A time-tested confession, such as the two you mention (and that we use), also demonstrates that a church is standing in a historical stream of Christian churches who have tried to be faithful to the Lord in their days, as well. I highly recommend utilizing a confession of faith in your church.

You’ve written and edited a number of books over the years, but perhaps one of your most popular books is Dear Timothy: Letters on Pastoral Ministry. In light of that book, what pastoral challenge do you think most new pastors will face in the first five years and what advice might you give to them?

Dealing with their own hearts. First Timothy 4:16 needs to be tattooed on the back of every pastor’s eyelids. Guard your heart and rigorously apply the gospel to yourself every day. Don’t forget that before you are a shepherd you are a sheep. You need what you commend to others.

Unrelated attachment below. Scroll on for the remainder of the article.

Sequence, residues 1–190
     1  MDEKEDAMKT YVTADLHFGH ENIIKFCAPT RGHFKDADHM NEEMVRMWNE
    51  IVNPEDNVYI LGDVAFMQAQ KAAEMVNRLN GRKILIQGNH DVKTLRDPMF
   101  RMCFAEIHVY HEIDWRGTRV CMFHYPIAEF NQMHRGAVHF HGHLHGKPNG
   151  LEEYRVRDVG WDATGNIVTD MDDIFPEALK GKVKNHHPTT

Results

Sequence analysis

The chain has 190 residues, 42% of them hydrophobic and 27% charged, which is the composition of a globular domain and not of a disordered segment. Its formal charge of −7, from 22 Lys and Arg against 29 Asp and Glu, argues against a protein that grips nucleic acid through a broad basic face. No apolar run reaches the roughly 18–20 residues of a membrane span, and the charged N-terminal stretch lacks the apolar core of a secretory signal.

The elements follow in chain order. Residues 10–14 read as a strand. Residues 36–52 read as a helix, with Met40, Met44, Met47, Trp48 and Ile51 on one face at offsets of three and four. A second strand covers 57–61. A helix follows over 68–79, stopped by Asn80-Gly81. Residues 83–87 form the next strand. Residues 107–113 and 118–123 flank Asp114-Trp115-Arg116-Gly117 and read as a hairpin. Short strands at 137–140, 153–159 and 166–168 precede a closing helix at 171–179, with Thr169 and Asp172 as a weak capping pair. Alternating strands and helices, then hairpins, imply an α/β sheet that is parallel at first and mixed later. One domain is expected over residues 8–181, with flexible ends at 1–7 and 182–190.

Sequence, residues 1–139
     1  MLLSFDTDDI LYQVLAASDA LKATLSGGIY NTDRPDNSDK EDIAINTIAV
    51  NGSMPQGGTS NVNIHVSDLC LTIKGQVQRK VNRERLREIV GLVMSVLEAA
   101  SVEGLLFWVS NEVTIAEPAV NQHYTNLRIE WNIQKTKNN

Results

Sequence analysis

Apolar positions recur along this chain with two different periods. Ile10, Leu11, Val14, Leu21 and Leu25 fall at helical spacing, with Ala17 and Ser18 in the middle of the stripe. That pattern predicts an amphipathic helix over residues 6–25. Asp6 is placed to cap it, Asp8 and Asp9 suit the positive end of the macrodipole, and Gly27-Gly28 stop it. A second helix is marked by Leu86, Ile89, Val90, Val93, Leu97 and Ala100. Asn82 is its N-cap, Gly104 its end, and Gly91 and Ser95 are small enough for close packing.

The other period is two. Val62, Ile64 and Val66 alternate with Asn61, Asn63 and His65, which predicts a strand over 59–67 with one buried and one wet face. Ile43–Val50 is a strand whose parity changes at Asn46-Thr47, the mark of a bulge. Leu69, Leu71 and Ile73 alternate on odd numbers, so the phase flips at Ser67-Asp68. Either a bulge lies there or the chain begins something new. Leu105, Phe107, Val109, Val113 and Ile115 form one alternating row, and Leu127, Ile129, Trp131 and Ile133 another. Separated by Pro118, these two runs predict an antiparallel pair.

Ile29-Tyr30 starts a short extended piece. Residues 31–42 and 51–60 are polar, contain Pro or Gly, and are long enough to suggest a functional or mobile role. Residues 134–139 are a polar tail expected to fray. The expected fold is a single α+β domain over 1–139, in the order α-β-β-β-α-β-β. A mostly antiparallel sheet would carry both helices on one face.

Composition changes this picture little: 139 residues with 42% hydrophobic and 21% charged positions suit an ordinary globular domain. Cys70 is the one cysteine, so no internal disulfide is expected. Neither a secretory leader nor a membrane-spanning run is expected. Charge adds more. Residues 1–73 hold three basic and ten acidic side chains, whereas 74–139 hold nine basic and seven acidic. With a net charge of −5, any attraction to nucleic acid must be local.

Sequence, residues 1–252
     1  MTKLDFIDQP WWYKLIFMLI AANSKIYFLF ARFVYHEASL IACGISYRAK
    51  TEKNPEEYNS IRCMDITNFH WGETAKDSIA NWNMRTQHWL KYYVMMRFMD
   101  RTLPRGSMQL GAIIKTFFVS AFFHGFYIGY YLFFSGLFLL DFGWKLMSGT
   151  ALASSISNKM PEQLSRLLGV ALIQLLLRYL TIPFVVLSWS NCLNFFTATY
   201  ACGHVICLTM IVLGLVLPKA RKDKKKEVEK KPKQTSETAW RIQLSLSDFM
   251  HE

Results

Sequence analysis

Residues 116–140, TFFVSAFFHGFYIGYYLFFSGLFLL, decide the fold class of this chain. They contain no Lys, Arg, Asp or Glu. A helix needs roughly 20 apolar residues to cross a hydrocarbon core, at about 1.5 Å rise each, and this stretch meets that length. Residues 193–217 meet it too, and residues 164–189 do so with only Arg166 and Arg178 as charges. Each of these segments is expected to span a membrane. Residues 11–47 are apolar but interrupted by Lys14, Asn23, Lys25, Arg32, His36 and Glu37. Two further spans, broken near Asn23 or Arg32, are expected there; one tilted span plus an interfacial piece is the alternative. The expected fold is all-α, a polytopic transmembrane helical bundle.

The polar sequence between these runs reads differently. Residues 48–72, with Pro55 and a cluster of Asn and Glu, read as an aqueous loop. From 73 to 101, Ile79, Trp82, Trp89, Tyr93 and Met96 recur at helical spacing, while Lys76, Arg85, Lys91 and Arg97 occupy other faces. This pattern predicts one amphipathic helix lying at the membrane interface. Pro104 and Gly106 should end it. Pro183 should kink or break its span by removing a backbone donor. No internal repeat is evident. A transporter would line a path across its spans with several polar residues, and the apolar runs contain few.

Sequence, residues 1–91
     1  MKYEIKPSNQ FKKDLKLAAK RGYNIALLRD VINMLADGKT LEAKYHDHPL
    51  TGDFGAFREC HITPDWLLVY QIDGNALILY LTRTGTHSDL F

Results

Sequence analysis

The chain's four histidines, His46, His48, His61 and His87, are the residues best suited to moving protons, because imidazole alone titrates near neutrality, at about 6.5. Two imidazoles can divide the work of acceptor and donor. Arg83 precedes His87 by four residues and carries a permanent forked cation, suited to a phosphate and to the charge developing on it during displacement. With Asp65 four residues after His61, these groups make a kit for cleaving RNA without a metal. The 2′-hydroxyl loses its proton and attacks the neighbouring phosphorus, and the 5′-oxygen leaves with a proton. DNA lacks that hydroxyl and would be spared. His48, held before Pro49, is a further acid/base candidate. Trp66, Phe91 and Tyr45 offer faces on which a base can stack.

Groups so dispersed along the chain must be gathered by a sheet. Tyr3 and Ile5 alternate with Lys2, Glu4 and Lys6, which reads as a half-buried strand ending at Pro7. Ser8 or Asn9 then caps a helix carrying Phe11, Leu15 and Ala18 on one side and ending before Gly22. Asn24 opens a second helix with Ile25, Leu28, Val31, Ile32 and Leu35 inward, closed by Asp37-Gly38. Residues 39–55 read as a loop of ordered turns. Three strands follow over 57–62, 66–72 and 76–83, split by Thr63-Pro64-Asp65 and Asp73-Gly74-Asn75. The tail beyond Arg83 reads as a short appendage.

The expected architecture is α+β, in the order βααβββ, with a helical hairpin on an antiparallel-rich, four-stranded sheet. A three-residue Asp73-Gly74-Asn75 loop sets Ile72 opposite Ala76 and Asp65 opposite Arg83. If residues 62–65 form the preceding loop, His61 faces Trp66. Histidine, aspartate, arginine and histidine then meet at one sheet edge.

If you were able to have a conversation with your 20-year-old self, what would you say?

Don’t be so hard on pastors! Study harder. Marry Donna sooner. Intentionally spend time listening to older Christians. Memorize more Scripture.

If you could seek counsel from one theologian in church history, who would you choose and why?

John Calvin. His life didn’t turn out the way he planned and he developed his theology and fulfilled his calling in service to one local church. I admire his fortitude, perseverance, and productivity and would love to listen to his counsel.

Tom Ascol

Tom Ascol is Pastor of Grace Baptist Church in Cape Coral, Fla., and Executive Director of Founders Ministries. He is the editor of Dear Timothy: Letters on Pastoral Ministry.